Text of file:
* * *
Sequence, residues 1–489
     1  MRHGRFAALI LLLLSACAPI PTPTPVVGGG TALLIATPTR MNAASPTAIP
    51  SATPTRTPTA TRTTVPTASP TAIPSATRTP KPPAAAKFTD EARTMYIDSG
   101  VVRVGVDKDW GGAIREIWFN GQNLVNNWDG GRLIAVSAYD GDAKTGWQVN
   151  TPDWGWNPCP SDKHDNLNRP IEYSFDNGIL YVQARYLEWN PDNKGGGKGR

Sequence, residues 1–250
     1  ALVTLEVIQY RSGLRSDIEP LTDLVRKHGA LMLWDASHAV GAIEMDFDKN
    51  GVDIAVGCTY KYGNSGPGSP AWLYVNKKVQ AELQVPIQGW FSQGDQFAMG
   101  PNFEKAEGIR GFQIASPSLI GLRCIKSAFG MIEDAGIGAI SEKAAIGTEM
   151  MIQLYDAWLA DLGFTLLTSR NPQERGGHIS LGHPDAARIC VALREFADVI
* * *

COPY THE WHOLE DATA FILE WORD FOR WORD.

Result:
Sequence, residues 1–489
     1  MRHGRFAALI LLLLSACAPI PTPTPVVGGG TALLIATPTR MNAASPTAIP
    51  SATPTRTPTA TRTTVPTASP TAIPSATRTP KPPAAAKFTD EARTMYIDSG
   101  VVRVGVDKDW GGAIREIWFN GQNLVNNWDG GRLIAVSAYD GDAKTGWQVN
   151  TPDWGWNPCP SDKHDNLNRP IEYSFDNGIL YVQARYLEWN PDNKGGGKGR

Sequence, residues 1–250
     1  ALVTLEVIQY RSGLRSDIEP LTDLVRKHGA LMLWDASHAV GAIEMDFDKN
    51  GVDIAVGCTY KYGNSGPGSP AWLYVNKKVQ AELQVPIQGW FSQGDQFAMG
   101  PNFEKAEGIR GFQIASPSLI GLRCIKSAFG MIEDAGIGAI SEKAAIGTEM
   151  MIQLYDAWLA DLGFTLLTSR NPQERGGHIS LGHPDAARIC VALREFADVI